Global Leadership in Multiple Sclerosis and the COVID-19 Vaccine

The director of UConn Health’s Multiple Sclerosis Center, Dr. Jaime Imitola, is part of a group of international experts that just came out with recommendations about the COVID-19 vaccine in the MS population.

Dr. Imitola with model patient

Dr. Jaime Imitola director of UConn Health’s Division of Multiple Sclerosis and Translational Neuroimmunology, meets with a model patient in the Outpatient Pavilion on Sept. 17, 2019. (Peter Morenus/UConn Photo)

As the world moves forward in the effort to vaccinate the population against COVID-19, the recommendation to get vaccinated definitively includes people with multiple sclerosis, according to guidance just released by the National Multiple Sclerosis Society.

‘Comparing to not getting the vaccine and getting a disease that can kill you if you have increased risk, it’s better to have an attenuated response than no response at all.’

Dr. Jaime Imitola headshot
Dr. Jaime Imitola (Photo by Tina Encarnacion)

Dr. Jaime Imitola, director of UConn Health’s Division of Multiple Sclerosis and Translational Neuroimmunology, is one of the experts the MS Society invited to its task force to come up with the guidelines, which seek to dispel notions that the vaccine is too risky for people with MS.

The guidance states, “Most people with relapsing and progressive forms of MS should be vaccinated. The risks of COVID-19 disease outweigh any potential risks from the vaccine. In addition, members of the same household and close contacts should also get a COVID-19 vaccine when available to decrease the spread of the virus.”

While clinical trials of the messenger RNA vaccines approved for emergency use by the Food and Drug Administration (available from Pfizer and Moderna so far) did not yield conclusive data on their effectiveness in MS patients, the experts considered the general population data and data from studies of other mRNA vaccines.

“We have good data from multiple studies about how a population with MS will respond to a vaccine,” Imitola says. “There are very important trials done in MS patients that suggest there is no worsening. You don’t get worse disease, you don’t get a worse reaction to a vaccine. In terms of your immune response, you still get immunity with an attenuated response produced by B cells if your MS medication targets B cells, that’s true, but the responses to the vaccines not only depends on B cells but three different kinds of T cells, which are intact even if you are on MS medications. Therefore, comparing to not getting the vaccine and getting a disease that can kill you if you have increased risk, it’s better to have an attenuated response than no response at all.”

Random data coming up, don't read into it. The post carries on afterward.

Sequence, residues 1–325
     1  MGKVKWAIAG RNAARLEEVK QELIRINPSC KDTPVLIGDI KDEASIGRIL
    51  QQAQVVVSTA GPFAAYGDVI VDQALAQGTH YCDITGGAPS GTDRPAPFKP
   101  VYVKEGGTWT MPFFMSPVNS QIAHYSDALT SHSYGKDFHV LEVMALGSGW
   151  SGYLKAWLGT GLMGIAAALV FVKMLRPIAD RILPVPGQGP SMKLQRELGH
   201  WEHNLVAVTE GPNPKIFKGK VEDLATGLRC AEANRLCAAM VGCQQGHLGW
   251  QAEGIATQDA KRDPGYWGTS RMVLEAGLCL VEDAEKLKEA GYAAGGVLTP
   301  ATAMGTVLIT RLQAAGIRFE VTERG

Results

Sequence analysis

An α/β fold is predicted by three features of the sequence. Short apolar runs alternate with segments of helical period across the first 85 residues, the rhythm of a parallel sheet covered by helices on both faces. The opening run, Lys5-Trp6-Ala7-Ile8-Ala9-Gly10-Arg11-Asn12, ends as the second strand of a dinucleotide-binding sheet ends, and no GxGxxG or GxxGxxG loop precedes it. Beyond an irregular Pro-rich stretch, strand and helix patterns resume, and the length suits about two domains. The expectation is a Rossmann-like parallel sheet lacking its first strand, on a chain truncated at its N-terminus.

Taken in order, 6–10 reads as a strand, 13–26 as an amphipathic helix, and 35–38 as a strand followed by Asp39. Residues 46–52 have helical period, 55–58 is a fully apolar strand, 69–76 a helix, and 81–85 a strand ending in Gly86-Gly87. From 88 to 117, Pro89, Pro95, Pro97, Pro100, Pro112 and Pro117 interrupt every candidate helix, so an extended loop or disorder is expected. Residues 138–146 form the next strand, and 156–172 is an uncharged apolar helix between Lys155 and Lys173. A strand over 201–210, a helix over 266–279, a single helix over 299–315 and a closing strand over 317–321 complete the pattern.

Communicating the recommendations to people with MS, as well as the medical professionals who care for them, is critical because it is a population that is diverse, not only in race and socio-economic status, but also in the spectrum of beliefs about the vaccine, some of which may not be accurate.

“I think that in MS we are dealing with a very engaged population of patients,” Imitola says. “I don’t feel that there are too many denialists in this. MS patients are well engaged and always learning and choosing what is best for them, they are curious. Of course some patients are apprehensive and many are still at home and are scared, but they need the expert recommendations rather than getting this from the internet or Facebook. The only way that we are going back to some normality is that everyone gets the COVID-19 vaccines, masking and social distancing.”

The MS Society says its guidelines, which apply specifically to the Pfizer and Moderna vaccines, are subject to change and may become more detailed as more is learned from continued scientific study. Other conclusions include:

  • Those considered at higher risk for severe COVID-19 include those with progressive MS, who are older, who have a higher level of physical disability, who are Black or Hispanic, or who have certain medical conditions (diabetes, high blood pressure, obesity, heart and lung disease, pregnancy). They should get the vaccine as soon as it’s available to them.
  • The risk of getting COVID-19 far outweighs that of a vaccine-induced MS relapse or worsening of MS symptoms.
  • The vaccines are safe to use with MS medications. Patients should continue their disease-modifying therapies unless advised otherwise by their MS health care provider.

Health agencies and charitable organizations around the world have endorsed and are adopting the recommendations. Imitola says being selected to the MS Society’s task force and represent his patients’ needs is an honor.

“We have an excellent MS team here,” Imitola says. “This is just a reassurance of our expertise and the kind of work that we’re doing for the state’ most vulnerable patients. We have a unique spectrum of MS patients: older population, Black and Hispanic patients, who tend to be higher risk patients than Caucasians. We have patients with great numbers of comorbidities. And also we have the progressive MS patients. In a way, our job is tougher than at a typical MS center. So you need to match the disease complexity with competent, comprehensive and compassionate care, and that’s where we come in, our entire comprehensive group.”

Learn more about the UConn Health Multiple Sclerosis Center.